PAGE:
Memorandum Number 550


October 24, 1985

Relationship of Committee on Pastor-Parish Relations to Administrative Board.


During the 1985 session of the Alabama-West Florida Annual Conference, Bishop James Lloyd Knox received the following written request for an episcopal ruling:

We respectfully request a definition and delineation of the accountability and relationship of the Committee on Pastor-Parish Relations to the Administrative Board as described by the 1984 Discipline of The United Methodist Church.

The bishop ruled:

Since there is already a precedent (sic) in the matter of whether the Pastor-Parish Relations Committee is amenable to the Administrative Board in Judicial Council Memorandum No. 509, and since the paragraphs in the 1984 Book of Discipline which refer to this matter are substantially unchanged from the 1980 Book of Discipline it is my decision that the Pastor-Parish Relations Committee is not amenable to the Administrative Board of a local church. The Pastor-Parish Relations Committee of a local congregation is basically advisory with regard to ministerial appointments, which are the responsibility of the cabinet. The PPRC is advisory to the congregation, the pastor(s), the district superintendent, and the bishop.

At an Oral Hearing on October 24, 1985 Theo Brannon, Russel Peters and L. W. Brown from the Alabama-West Florida Annual Conference appeared.

The episcopal ruling came to the Judicial Council for review under Par. 2612 of the 1984 Discipline.

Judicial Council Memorandum No. 509 was addressed to specific questions concerning the relationship of the Committee on Pastor-Parish Relations to the Administrative Board in the one narrow issue of decisions about pastoral changes.

In 1982, Bishop Marjorie S. Matthews ruled, in response to written questions in the Wisconsin Annual Conference session, that the Discipline does not require that the Pastor-Parish Relations Committee be "amenable to the Administrative Board concerning its recommendations to the Cabinet about moving or keeping of the pastor," nor does it require that the Administrative Board be "brought into consultation immediately after the meeting of the Pastor-Parish Relations Committee where a change of pastor has been considered."

Neither Bishop Matthews's ruling nor Memorandum No. 509, which affirmed if, dealt with the entire spectrum of relationships between Pastor-Parish Relations Committees and Administrative Boards. Bishop Matthews answered only the specific questions asked, and the Judicial Council affirmed only that her answers were in keeping with the Discipline.

Bishop Knox's 1985 ruling also deals with the role of the Pastor-Parish Relations Committee in ministerial appointments. Though the question asked of him was not restricted to this area, the context indicated that this was the major point of concern.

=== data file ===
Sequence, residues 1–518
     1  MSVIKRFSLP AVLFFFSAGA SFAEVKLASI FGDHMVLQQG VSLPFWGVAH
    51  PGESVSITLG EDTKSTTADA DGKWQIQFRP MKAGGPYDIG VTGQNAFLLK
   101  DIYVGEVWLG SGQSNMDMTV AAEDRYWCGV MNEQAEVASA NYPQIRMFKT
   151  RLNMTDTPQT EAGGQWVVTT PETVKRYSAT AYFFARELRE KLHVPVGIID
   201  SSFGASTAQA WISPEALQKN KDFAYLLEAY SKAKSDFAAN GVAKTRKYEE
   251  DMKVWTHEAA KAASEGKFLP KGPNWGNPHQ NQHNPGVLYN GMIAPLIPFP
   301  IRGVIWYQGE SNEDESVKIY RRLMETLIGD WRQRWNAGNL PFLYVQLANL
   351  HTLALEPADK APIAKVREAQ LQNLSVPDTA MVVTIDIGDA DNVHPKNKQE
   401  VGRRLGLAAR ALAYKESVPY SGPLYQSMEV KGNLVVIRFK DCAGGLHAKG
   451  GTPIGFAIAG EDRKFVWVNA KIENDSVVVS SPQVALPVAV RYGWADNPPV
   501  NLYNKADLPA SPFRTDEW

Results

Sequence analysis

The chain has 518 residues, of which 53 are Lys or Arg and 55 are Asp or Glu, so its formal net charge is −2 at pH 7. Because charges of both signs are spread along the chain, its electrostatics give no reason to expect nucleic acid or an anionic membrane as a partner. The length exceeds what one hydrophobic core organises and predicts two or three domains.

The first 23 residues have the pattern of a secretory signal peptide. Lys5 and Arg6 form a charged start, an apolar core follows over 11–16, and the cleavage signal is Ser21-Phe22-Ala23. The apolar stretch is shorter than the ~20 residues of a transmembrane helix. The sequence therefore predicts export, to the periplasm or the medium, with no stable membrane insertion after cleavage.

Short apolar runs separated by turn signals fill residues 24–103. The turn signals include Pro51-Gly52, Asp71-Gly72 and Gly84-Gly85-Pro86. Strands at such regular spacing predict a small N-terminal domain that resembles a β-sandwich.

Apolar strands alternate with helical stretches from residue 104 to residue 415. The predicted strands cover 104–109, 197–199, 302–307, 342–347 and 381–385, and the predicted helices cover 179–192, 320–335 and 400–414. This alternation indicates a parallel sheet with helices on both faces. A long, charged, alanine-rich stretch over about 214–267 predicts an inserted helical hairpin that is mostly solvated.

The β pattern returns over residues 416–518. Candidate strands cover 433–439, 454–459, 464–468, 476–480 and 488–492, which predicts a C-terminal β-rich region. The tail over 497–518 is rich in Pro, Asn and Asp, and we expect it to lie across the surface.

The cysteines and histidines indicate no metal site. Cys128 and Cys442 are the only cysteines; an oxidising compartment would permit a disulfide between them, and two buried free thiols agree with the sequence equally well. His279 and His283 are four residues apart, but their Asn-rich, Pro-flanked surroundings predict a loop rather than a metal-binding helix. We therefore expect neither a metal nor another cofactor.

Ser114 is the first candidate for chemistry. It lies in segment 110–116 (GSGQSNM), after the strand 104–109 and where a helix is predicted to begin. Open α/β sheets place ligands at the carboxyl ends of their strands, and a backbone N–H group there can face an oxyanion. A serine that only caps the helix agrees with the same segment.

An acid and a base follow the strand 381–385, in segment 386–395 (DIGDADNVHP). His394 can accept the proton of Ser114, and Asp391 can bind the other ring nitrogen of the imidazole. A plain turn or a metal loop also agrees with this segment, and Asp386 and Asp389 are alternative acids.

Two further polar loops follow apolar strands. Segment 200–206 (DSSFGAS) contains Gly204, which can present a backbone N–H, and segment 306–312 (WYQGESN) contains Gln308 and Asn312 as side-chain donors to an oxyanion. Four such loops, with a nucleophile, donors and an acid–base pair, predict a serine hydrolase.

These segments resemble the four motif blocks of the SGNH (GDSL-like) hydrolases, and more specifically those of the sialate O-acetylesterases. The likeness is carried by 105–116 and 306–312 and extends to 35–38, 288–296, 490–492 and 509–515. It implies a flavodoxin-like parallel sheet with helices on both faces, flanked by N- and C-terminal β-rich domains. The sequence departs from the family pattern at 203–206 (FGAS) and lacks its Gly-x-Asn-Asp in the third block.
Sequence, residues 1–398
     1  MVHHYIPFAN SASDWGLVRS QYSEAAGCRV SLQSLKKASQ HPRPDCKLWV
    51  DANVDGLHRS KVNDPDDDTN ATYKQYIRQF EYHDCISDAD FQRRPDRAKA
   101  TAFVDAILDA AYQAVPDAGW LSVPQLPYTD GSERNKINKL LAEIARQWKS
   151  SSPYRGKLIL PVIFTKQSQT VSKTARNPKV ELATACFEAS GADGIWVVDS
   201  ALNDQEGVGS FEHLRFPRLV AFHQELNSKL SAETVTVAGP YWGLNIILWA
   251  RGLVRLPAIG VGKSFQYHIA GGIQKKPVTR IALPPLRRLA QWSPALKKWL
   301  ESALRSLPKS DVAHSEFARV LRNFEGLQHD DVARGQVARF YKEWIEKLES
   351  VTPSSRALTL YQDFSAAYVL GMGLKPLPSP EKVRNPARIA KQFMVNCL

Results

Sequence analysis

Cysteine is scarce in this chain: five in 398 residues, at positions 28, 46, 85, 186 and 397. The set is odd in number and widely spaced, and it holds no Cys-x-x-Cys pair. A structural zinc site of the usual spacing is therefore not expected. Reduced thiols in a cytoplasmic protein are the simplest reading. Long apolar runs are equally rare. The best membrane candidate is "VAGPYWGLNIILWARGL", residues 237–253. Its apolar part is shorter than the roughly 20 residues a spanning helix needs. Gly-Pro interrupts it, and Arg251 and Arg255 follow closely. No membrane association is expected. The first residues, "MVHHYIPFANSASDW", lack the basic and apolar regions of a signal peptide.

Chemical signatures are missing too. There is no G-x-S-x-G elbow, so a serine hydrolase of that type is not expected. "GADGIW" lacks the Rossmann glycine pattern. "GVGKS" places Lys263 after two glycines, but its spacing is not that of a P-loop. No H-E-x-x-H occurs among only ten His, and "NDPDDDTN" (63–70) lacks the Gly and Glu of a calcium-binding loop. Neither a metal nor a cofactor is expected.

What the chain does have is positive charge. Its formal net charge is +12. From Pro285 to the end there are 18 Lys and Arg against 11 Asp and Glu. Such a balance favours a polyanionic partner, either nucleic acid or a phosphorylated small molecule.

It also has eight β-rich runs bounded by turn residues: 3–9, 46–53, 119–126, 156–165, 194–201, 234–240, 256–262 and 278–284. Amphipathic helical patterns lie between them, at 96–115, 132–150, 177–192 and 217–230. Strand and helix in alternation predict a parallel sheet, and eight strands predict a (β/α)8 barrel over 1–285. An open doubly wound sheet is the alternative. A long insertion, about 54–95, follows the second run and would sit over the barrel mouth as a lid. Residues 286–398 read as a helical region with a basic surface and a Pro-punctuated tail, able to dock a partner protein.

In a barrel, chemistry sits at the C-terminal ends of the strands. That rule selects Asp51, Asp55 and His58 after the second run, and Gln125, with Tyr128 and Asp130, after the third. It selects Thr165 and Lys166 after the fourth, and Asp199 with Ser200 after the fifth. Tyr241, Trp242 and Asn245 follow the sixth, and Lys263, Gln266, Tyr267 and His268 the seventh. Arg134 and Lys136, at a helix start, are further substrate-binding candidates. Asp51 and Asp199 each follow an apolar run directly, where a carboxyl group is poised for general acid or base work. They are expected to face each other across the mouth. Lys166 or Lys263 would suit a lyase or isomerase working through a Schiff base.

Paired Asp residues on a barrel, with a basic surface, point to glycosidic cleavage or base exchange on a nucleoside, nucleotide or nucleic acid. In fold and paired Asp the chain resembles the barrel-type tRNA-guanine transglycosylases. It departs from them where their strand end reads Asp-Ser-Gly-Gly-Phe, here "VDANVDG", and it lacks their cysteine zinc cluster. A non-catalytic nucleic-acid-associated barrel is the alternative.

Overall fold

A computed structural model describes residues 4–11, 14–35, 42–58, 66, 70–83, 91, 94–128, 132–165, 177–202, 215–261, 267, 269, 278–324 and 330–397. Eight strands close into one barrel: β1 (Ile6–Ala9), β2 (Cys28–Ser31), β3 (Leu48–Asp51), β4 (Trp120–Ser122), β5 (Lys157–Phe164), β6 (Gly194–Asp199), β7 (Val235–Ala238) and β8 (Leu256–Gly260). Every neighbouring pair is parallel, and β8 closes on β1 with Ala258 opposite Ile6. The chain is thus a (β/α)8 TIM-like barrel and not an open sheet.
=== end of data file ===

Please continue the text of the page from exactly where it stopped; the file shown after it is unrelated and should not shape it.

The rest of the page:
The Discipline places decisions concerning appointments within the framework of consultation. Consultation is an ongoing process, and includes setting criteria, evaluation, and exchange of ideas among pastor, Pastor-Parish Relations Committee, district superintendent, and bishop. It assumes flexibility and the possibility of growth, change, and development during the process. Nowhere in the Discipline is it required that the Pastor-Parish Relations Committee shall be the voice through which the pre-determined will of the Administrative Board is expressed. Rather, the committee is to be one participant in the consultative process through which the bishop and cabinet arrive at their decision.

It should be further noted that the Pastor-Parish Relations Committee is representative of the entire charge (Par. 267.2). Many United Methodist charges are composed of two or more local churches, each with its Administrative Board. In such cases, amenability to an Administrative Board is not a reasonable possibility.

There are areas in which the Pastor-Parish Relations Committee must be bound by decisions made by the Administrative Board(s): budgets, certain staff positions, ministerial housing arrangements, etc. However, in the consultation process surrounding the making of ministerial appointments, which is the area on which Bishop Knox's ruling is focused, there is no requirement in the Discipline that the Committee on Pastor-Parish Relations shall be amenable to the Administrative Board.

The bishop's ruling is affirmed.

October 25, 1985

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